ExtraHop mines the network to glean operations intelligence
Old school management tools are not tenable in todays' highly virtualised environment
By John Dix | Network World US | Published: 10:30, 14 October 2013
Jesse Rothstein, who was the lead architect of F5's flagship product line, founded ExtraHop in 2007 to develop products to derive IT operations intelligence from data gleaned from the network. John Dix, Editor in Chief of Techworld's sister title Network World,recently caught up with Rothstein for an update on the company and what it has learned about things like virtual packet loss - the bane of highly virtualised environments.
How does your background at F5 help you at ExtraHop?
My co-founder Raja Mukerji and I were both at F5 for many years. And what we did at F5 was bring application awareness and application fluency to what was the load balancer, and that created a whole new product category called the application delivery controller. Over at ExtraHop, we leverage that same domain expertise in high-speed packet processing and application fluency, but we've brought it to a new space, much more on the IT operations side, and we're starting to call this IT operations intelligence.
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Raja and I had conversations with IT organisations and people we'd worked with in the past and it became apparent to us the end result of megatrends like server virtualisation, where VMs spin up and spin down and jump across the data centre, and agile development, where we roll out new versions of applications every two weeks or every two days, was resulting in an unprecedented level of scale, complexity and dynamism. And the previous generation of tools and technologies that companies use to manage these environments are no longer tenable. And that's if they have those tools at all. More often than not companies just throw smart people at the problem of figuring out what's going on.
So I would say, No.1, the situation has become such that we're beyond the capability of just throwing smart people at the problem and pulling a few all-nighters and ordering pizza. And No.2, the previous generation of tools were built for much smaller environments that were not dynamic. Those tools basically start off as bricks, and you parachute in teams of sales engineers and systems engineers and consultants to configure them in order to provide the visibility you need. Then if the environment changes, rather than automatically detecting the changes, you have to rinse and repeat that process.
So we started with the notion that these IT megatrends were occurring, that we had the domain expertise to solve some of the problems around scale and dynamism, and that we could provide visibility into these environments.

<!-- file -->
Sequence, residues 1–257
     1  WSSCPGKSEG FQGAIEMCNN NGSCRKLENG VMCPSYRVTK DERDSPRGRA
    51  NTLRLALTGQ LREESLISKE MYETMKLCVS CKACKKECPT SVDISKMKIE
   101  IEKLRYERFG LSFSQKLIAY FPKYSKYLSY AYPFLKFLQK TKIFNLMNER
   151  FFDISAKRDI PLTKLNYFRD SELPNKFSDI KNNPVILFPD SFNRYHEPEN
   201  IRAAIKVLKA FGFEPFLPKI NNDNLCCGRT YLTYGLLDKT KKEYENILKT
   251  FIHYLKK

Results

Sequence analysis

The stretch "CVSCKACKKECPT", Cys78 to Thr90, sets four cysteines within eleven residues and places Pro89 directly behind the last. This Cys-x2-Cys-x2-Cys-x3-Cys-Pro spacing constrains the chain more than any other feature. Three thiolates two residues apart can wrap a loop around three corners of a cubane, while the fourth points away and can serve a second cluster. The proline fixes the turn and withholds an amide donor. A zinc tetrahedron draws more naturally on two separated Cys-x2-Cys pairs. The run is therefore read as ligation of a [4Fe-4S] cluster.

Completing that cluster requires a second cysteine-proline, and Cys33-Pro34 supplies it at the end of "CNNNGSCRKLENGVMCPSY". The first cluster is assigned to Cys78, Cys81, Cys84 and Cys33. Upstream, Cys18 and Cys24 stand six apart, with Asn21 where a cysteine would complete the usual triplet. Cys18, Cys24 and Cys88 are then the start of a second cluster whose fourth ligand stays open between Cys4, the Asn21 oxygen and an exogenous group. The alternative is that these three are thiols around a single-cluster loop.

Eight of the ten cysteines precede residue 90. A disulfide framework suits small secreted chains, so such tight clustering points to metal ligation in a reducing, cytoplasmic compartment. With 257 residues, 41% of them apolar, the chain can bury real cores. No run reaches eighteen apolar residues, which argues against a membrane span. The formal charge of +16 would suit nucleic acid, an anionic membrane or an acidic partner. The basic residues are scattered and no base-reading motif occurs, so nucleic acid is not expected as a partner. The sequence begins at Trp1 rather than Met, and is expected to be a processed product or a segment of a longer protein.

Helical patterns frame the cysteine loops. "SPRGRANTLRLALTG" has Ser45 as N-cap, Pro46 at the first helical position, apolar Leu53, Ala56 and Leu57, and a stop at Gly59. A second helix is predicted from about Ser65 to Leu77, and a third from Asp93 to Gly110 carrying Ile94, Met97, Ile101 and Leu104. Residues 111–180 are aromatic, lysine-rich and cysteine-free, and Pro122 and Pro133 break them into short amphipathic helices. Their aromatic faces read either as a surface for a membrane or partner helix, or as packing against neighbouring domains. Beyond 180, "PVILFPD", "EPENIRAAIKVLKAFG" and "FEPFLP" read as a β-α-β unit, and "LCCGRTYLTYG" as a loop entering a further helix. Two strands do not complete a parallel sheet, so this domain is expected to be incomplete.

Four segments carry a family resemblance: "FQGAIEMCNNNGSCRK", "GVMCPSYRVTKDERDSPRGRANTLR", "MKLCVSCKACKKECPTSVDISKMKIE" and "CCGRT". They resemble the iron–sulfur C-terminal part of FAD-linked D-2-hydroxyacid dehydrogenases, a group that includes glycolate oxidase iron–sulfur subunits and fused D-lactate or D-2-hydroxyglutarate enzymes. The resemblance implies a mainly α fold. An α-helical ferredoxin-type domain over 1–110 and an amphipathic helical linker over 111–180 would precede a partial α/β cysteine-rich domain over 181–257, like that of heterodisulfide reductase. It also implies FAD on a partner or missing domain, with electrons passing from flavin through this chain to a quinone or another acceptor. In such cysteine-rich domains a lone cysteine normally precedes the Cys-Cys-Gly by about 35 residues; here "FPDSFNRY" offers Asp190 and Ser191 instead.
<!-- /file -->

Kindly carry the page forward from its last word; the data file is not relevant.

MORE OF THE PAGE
What are you lumping into the current generation of tools?
This is a taxonomy I've been thinking about for a while. In enterprise IT there are four or so sources of data that you can use to derive some intelligence about your environment.
So No.1 we have machine data, and I'm using a term that Splunk popularised. Machine data includes log files, SNMP and WMI, and all of these data sources are largely unstructured. Splunk and others like them realised that enterprises are producing a lot of this unstructured machine data and not really doing anything with it. So they built a platform to index it, archive it, and analyse it to derive some intelligence from it.
I sometimes joke that it's been transformational in the same way as fracking has been in the energy market. What I mean by that is, the value was always there, but by applying new technology we can now access it and extract it. So I think one source of data in the IT environment is this unstructured machine data.
Another source is what I would call code-level instrumentation. And this is what traditional Application Performance Management is based upon. Wily (acquired by CA) really founded that market, but companies like DynaTrace and AppDynamics and even New Relic make use of code-level instrumentation. They have agents that instrument the Java JVM or the .NET common language runtime, and they can derive some intelligence and some performance metrics around how that service performs. Where are the hotspots and bottlenecks? What's it doing? These are very useful tools for developers who have intimate knowledge of the code and want to see how it runs in production.
The third source of data I call service checks. There are lots of facilities for doing this. If you're running some sort of synthetic transaction (basically a script mirroring common user actions), you can use internal checks, which is what HP's Mercury SiteScope and Nagios do today, or external service checks like a Keynote or Compuware's Gomez. These give you a sense of if your service or your application are up or down and, to some degree, how it is performing. But there are some challenges with this approach because, given these things are periodic in nature, there's an inherent under sampling problem. So that means that if you've got any sort of intermittent issue you very well might miss it.